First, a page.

First baking class

Tuesday, May 29, 2012

I've always thought that cooking/baking classes are costly & one wonder how much you can gain within a 3 hour class. Since Groupon featured a promo for baking class specifically on mille crepe (location a pull factor too), I jumped at the opportunity.

Upon arrival at the location, it was actually a small group class conducted in a house kitchen. The chef organising the class is Nicholas Pillai. His name doesn't ring a bell? Nicholas is a food writer, recipe contributor & food stylist on various local publications. We were divided into 4 groups to work on the mille crepe based on the recipe given.

As a matter of fact, making mille crepe cake is a tedious task even though baking is not required. The chef has advised us to split the preparation into 2 days - getting the crepes ready on the 1st day & chilled overnight, then making the cream the next morning. Mille crepes are best done in the morning because the cream melts easily considering our hot Malaysian climate.

I shall not elaborate further on the recipe as it'll take too much to explain here & I don't have a lot of pictures to accompany each step. I'm willing to share some of the tips that may be useful for other recipes that you plan to experiment. During class, we all learnt how to brown butter which is then mix together with other ingredients to form the crepe batter. The chef recommended us to use Amul butter (shown in pic) for it's the purest of butter - made from pure milk fat. It's fragrant due to its pure milk fat content & slightly salted to give a savoury flavour to your food.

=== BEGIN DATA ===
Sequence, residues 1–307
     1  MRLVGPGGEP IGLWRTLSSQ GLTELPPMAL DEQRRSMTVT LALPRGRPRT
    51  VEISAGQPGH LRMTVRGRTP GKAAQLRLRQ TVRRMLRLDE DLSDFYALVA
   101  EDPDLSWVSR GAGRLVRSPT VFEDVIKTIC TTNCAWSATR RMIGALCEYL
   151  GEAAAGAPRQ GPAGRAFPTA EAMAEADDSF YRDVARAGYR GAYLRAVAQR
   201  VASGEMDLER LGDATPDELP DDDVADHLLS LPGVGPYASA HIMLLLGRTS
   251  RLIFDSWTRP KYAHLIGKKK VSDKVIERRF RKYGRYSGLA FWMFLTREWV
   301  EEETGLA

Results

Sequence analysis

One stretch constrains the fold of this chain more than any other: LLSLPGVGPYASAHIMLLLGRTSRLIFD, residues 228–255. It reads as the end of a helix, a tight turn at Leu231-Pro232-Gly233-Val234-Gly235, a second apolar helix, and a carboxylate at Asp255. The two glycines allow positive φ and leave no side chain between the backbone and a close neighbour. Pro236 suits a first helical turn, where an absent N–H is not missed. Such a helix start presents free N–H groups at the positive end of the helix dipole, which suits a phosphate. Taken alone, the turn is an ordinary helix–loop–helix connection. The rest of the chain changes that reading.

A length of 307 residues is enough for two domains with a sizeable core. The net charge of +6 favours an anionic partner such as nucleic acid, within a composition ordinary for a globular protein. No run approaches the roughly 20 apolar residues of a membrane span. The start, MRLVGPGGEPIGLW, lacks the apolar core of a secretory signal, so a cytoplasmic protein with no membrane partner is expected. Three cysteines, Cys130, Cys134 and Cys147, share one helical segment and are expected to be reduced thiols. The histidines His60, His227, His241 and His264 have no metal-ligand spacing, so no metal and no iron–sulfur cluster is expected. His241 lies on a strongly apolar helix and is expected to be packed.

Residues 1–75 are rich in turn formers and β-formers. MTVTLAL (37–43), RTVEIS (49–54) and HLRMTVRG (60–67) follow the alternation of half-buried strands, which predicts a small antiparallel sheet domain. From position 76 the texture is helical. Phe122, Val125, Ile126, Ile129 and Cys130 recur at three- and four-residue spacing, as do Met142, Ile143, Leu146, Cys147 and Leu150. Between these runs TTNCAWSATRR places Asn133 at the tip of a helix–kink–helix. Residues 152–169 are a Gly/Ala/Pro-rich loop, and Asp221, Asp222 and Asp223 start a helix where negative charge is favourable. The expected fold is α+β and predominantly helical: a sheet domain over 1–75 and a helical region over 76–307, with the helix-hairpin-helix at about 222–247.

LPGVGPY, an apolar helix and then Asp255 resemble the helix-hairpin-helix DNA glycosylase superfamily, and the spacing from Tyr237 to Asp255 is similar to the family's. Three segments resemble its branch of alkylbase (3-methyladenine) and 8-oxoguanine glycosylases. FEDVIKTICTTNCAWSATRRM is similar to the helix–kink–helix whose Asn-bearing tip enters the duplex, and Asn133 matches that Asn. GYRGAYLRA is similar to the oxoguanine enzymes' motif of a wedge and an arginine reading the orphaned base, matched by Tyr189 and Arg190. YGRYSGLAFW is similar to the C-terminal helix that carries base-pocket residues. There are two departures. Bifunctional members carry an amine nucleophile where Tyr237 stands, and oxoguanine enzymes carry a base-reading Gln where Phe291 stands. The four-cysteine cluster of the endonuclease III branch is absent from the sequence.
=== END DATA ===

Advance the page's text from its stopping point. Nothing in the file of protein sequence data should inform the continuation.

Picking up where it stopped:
I do agree that Amul butter is fragrant but it's a tad too oily for my liking. We can replace with alternative brands as we please to suit our taste buds, just have to take note the outcome might taste a little different. When browning butter, the pot has to be on low fire to avoid butter from burning. The pot has to be constantly shaken gently to ensure that the butter is properly browned. There are 3 stages of bubbles to look out for during this process. Once there are signs brown colour at the sides, the butter is ready & needs to be removed from the fire.

Stage 1- The butter has melted & starts to boil & bubble up

Stage 2 - More bigger size bubbles can be seen

Stage 3 - The bubbles become foamy

Final stage - The browned butter should have a nice caramel colour.
Picture shown above is slightly burned.

When it's time to cook the crepes, the process is exhausting because we need to pour the batter to cook layer by layer. We did it in groups of 3 or 4, hence it's a breeze to complete the task. I can now imagine how tedious to accomplish this step alone. In addition, it takes practice to make the crepe perfect - thin & light but just nice to hold the cream later.

Another tip I've learnt to keep the cream as cold as possible in case my kitchen's ventilation turns nasty warm is to put the cream in an ice bath. I didn't expect it to be so easy =D

After 3 hours, our final product is ready for tasting. The chef taught us how to caramelise the top by sprinkling some brown sugar & torching it until it turns brown. I preferred to have left the mille crepe as it is because the caramel layer looks rather messy.

My group's mille crepe looks aesthetically pleasing once sliced. But our crepe was too thick so it didn't tasted as good as we hoped. Oh never mind, practice makes perfect & I'm sure I'll be able to make a better one next round.

Overall, it was a fruitful class. I'm looking forward to attending more cooking or baking classes in the near future because it sure is so much fun. =)